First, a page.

Harald Motzki, ‘The Murder of Ibn Abī l-Ḥuqayq: On the Origin and Reliability of Some Maghāzī-Reports’, in Harald Motzki (ed.), The Biography of Muhammad: The Issue of the Sources (Leiden, the Netherlands: Koninklijke Brill NV, 2000), 233-234.
 Shoemaker, The Death of a Prophet, 89.
 Sinai, The Qur’an, ch. 2.
 E.g., ibid., 45 (concerning Muḥammad’s death),
 Ibid., 141.
 E.g., ibid., chs. 3, 6; Angelika Neuwirth & Michael A. Sells (eds.), Qurʾānic Studies Today (Abingdon, UK: Routledge, 2016), 9-10; this is also implicit in the numerous studies produced by this camp demonstrating the Quranic usage of or interaction with (mostly Syriac) Abrahamitic texts and traditions. Also see Shoemaker, The Death of a Prophet, 142 (summarising Neuwirth on Muḥammad as an oral composer).
 Jack Tannous, The Making of the Medieval Middle East: Religion, Society, and Simple Believers (Princeton, USA: Princeton University Press, 2018).
 Ibid., 261-262.
 Ibid., 262.
 E.g., ibid., 263-264 (on various events in the life and times of Muḥammad), 274-275 (on the policies of ʿUmar). Even here, however, the language used by Tannous is sometimes suggestively tenuous (“are supposed to have” … “he is said to have” … “If we believe the traditional sources”).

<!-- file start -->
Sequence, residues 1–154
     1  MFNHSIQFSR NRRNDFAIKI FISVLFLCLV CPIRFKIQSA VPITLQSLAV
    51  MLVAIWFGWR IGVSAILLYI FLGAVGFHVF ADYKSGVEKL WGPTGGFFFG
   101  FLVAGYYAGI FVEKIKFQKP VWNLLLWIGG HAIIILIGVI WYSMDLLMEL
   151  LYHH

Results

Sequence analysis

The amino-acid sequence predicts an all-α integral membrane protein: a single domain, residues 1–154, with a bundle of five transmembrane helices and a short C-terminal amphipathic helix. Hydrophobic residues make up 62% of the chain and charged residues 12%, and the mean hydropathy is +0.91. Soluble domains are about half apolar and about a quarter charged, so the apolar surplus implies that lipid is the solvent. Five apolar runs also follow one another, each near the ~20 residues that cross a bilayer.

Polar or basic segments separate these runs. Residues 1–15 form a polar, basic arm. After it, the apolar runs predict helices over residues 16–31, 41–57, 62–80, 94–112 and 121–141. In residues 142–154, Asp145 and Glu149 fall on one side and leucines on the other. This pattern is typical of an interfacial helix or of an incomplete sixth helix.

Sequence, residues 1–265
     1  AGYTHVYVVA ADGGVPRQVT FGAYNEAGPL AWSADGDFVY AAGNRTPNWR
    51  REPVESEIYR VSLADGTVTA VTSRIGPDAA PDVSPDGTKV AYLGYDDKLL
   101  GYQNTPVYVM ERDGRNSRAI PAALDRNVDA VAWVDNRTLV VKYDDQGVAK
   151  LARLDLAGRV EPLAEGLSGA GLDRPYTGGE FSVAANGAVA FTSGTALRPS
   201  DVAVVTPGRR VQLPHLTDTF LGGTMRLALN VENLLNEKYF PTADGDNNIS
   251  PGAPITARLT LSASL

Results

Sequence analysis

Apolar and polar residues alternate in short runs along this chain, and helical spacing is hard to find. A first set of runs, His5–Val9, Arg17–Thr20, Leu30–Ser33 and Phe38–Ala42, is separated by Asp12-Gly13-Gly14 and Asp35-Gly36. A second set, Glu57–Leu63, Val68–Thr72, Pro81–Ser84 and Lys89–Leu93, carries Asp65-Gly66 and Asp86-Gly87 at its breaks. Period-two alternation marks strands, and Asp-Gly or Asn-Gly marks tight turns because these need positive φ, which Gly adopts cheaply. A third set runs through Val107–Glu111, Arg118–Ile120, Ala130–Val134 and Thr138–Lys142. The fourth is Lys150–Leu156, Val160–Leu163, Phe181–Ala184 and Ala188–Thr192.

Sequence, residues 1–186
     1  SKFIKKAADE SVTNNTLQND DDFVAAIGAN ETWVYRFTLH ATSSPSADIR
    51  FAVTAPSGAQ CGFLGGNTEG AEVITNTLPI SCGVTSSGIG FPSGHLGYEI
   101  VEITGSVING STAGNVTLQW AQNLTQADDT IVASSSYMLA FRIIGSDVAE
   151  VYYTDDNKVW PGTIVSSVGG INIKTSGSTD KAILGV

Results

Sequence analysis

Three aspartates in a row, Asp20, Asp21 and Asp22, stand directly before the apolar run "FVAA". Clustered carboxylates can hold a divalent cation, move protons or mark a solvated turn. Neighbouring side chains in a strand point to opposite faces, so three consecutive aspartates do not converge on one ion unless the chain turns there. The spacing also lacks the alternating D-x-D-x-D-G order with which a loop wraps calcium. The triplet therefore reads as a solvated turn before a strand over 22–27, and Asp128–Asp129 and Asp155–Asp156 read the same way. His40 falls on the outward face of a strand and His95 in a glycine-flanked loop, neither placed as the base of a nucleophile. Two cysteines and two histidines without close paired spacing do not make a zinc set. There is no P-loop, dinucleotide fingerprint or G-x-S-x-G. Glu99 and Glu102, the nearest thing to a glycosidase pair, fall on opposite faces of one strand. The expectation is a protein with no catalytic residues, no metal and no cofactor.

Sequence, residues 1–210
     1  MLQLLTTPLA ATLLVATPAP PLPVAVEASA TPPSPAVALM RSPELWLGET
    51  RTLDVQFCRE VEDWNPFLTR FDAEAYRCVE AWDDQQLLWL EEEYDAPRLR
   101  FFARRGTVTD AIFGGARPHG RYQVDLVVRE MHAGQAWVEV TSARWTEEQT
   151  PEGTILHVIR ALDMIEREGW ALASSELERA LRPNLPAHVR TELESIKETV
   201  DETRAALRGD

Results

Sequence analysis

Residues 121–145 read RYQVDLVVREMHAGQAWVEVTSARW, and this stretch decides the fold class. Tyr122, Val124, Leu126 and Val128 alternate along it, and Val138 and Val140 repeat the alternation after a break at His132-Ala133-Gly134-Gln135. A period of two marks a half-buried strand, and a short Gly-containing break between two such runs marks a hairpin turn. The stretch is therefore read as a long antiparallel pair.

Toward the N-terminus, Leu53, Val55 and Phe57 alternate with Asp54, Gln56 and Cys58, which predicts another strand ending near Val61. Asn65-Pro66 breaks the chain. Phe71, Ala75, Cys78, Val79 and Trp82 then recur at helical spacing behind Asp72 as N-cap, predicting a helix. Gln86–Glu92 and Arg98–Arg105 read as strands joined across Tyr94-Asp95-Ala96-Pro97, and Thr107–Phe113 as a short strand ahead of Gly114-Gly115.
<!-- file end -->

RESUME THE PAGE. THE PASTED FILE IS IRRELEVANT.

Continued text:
Ibid., 294 (incl. n. 130), 304.
 Ibid., 518.
 Ibid., 519.
 Ibid., 520.
 Ibid., 521; also see ibid., 276, 505, 522-523, for similar and relevant statements.
 E.g., Ignaz Goldziher (ed. Samuel M. Stern and trans. Christa R. Barber & Samuel M. Stern): Muslim Studies, Volume 2 (Albany, USA: State University Press of New York, 1971), 19: “The ḥadīth will not serve as a document for the history of the infancy of Islam, but rather as a reflection of the tendencies which appeared in the community during the maturer stages of its development.” For another example, see Crone & Cook, Hagarism, 9, who take an archaic-seeming hijrah hadith as a reflection of a common proto-Islamic perspective (seemingly on the basis of the criterion of dissimilarity and its consonance with other early evidence), rather than necessarily the literal words of the Prophet.
 Tannous, The Making of the Medieval Middle East, 524.
 Stated in a comment (published 15th/May/2012) to an online reviewer, on the following blog-post: Neville Morley, ‘Why I shall clearly never be a popular writer of history’, The Sphinx Blog (14th/May/2012), available online (http://thesphinxblog.com/2012/05/14/why-i-shall-clearly-never-be-a-popular-writer-of-history/#comment-92).